Rangely board votes to close Parkview

RANGELY – Parkview Elementary School’s days are numbered.
Monday night, Rangely School Board members unanimously voted to close the building and move grade-school classes to the middle school.
Now, the question is: What to do with the 30-year-old elementary school building.
“My recommendation to the board was that we start reaching out to other governmental agencies and see if there’s a community group out there that can get some use out of the building,” said Superintendent Dwayne Newman. “Even if we get a minimal amount (for the building), we don’t have to pay to demolish the building, or pay to maintain it. If we can’t do a transfer, the district will probably look at a demolition.”
Newman said the estimated cost of demolishing the building would be in the $200,000 to $250,000 range.
“But that would be offset by what they could salvage out of the building,” Newman noted.
The school board did not spend a lot of time Monday talking about the pros and cons of closing Parkview. Board members had been studying the issue for a while, and an informational meeting was held March 10, soliciting public input.
“There was not that much discussion about whether we needed to close the building,” Newman said. “We did have some discussion about the configuration at the middle school. Are we going to do a preschool through 6 at the primary school and 7 through 12 at the secondary school, or are we going to do preschool through 5 at the primary school and 6 through 12 at the secondary school. We want to get input from staff and the community on that.”
The school district had surveyed the community about the possibility of closing Parkview, which was proposed as a way to save money and help the district deal with its financial challenges.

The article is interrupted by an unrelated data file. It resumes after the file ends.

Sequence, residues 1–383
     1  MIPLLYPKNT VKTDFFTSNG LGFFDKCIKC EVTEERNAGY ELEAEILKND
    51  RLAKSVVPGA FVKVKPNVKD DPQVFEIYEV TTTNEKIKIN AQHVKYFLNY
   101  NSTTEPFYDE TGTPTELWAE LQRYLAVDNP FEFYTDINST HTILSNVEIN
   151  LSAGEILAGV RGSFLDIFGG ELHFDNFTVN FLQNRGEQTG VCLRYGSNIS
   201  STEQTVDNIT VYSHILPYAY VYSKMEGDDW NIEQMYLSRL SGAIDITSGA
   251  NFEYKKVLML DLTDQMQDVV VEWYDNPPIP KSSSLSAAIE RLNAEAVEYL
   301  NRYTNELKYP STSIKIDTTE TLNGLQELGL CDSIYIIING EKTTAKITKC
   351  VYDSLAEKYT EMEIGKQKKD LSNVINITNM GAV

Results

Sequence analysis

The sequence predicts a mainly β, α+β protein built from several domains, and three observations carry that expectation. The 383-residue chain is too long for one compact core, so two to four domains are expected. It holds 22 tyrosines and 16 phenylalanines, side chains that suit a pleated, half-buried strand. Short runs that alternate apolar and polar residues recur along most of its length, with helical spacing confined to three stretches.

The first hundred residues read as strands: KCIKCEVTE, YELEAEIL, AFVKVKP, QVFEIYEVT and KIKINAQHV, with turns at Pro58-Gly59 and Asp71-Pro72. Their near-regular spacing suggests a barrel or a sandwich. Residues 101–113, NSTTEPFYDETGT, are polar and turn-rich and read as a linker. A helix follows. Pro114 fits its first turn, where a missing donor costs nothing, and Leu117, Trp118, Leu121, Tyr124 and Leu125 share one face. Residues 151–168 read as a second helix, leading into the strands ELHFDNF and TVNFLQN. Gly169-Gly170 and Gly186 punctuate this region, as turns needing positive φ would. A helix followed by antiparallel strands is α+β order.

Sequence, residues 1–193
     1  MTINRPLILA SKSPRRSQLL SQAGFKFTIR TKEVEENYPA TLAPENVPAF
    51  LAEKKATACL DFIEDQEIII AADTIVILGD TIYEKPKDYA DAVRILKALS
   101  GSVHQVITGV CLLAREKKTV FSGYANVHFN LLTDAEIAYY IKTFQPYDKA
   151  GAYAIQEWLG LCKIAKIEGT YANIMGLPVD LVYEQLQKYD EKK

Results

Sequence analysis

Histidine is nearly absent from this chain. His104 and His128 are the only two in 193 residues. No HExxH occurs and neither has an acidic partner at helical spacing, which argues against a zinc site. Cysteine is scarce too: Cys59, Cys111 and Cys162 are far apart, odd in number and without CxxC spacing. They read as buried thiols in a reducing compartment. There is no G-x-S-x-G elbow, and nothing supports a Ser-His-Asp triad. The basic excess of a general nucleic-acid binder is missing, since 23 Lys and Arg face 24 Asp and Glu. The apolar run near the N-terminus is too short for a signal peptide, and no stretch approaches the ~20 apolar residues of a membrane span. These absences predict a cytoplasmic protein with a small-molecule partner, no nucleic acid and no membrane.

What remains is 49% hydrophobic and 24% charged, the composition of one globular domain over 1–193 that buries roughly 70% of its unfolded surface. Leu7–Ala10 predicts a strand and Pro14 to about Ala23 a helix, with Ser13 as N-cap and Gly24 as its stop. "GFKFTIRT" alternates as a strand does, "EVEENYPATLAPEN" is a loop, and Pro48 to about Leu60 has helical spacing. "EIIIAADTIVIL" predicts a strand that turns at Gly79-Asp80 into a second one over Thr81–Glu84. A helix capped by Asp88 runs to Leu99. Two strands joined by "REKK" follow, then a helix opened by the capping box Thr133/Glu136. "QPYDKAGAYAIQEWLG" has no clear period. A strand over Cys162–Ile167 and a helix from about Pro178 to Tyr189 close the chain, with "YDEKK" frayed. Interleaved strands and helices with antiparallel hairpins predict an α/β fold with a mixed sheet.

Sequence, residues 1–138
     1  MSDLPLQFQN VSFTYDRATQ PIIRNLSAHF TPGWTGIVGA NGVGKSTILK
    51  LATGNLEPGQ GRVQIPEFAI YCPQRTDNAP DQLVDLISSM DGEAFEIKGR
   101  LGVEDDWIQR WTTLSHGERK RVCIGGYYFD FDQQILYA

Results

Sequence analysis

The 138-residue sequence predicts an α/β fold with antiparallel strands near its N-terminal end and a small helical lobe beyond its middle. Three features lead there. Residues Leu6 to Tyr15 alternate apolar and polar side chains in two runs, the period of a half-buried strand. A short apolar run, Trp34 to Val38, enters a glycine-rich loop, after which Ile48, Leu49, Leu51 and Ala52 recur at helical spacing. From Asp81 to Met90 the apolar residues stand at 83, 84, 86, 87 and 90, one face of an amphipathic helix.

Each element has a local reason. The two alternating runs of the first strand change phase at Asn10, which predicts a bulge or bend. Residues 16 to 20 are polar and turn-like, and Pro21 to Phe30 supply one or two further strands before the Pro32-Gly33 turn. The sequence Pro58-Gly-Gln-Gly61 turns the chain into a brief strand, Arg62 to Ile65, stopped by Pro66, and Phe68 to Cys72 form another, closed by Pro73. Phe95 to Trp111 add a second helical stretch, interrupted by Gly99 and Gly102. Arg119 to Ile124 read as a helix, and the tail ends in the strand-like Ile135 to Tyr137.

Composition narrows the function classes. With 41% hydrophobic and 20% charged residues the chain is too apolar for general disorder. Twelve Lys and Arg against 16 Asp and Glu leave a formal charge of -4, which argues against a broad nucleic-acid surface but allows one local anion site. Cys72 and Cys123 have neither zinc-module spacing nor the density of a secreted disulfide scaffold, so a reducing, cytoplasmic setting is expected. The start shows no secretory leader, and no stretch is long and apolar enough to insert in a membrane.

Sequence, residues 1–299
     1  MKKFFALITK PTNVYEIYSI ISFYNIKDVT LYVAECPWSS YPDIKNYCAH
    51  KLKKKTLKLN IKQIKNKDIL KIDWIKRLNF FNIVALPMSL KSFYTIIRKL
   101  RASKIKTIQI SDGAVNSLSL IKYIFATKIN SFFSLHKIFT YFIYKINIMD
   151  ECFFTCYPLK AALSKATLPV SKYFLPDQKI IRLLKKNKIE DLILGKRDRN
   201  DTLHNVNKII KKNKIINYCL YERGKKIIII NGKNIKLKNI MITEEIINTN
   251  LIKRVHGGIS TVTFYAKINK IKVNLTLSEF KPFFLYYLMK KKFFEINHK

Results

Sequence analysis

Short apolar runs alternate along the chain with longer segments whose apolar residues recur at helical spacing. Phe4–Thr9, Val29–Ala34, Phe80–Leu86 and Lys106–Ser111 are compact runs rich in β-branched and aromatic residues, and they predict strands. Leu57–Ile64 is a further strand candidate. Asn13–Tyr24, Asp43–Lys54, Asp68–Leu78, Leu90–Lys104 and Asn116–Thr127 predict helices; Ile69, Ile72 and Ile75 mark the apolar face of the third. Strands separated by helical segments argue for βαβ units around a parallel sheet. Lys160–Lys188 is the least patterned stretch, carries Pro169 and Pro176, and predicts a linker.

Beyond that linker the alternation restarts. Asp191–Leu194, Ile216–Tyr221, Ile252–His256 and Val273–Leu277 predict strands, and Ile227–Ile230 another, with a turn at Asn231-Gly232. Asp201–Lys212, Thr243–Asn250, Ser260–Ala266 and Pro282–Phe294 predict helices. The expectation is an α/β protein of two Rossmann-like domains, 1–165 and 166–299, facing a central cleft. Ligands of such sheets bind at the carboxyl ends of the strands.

“We had 147 responses to the survey, and 75 percent were in favor of closing Parkview,” Newman said. “I think everybody understood why, and the board did a good job of getting out to the community about where we’re at financially. People understood the situation we’re in. We can either close the building, or start looking at cutting staff and programs. It was a very simple call.”
Local businessman Rodger Polley, who was a student in the Rangely school system, was among those who opposed the closing of Parkview.
“It’s sad to see us go to a two-building system,” said Polley, who started attending Parkview in the third grade, when the school opened. “Parkview is on its last legs as far as being an effective school building. So it’s probably time to get rid of it. But I would have liked to have seen them pursue other options. As school funding continues to get strangled over time, I think the school system will get smaller and less effective. But hopefully the community will come together on something in the future to make it a school system that we’re used to having.”
The district is looking at a budget deficit of $500,000 to $700,000. Newman said the district would save an estimated $430,000 by closing Parkview.
“If we close the building, we’ll save about $210,000 a year on utilities, janitorial and maintenance,” Newman said. “Then we’ll go to a structure of a superintendent and two building-level administrators. One over what will be the primary school and one over the secondary school. So we’ll save about $80,000 in administrative salaries and benefits.”
Newman and Nicole Walker, Rangely High School principal, have resigned and will leave the district at the end of June. The district is in the process of advertising for both positions. Newman divided his time between his superintendent duties (80 percent) and serving as middle school principal (20 percent). Amy Ward is assistant principal at the middle school. Mary Lansing serves as principal at Parkview Elementary.
“Basically, Parkview is moving (to the middle school building), and it’s my understanding that Mary will be the principal there,” Newman said. “We’re also going to have a secretary and a custodian retiring, so we probably won’t fill those positions, because we’ll have less space. And we’re looking for some additional savings through the renovation at the middle school and high school.”
The renovations at the district’s other two buildings will be funded by a $15 million bond project approved by local voters last November.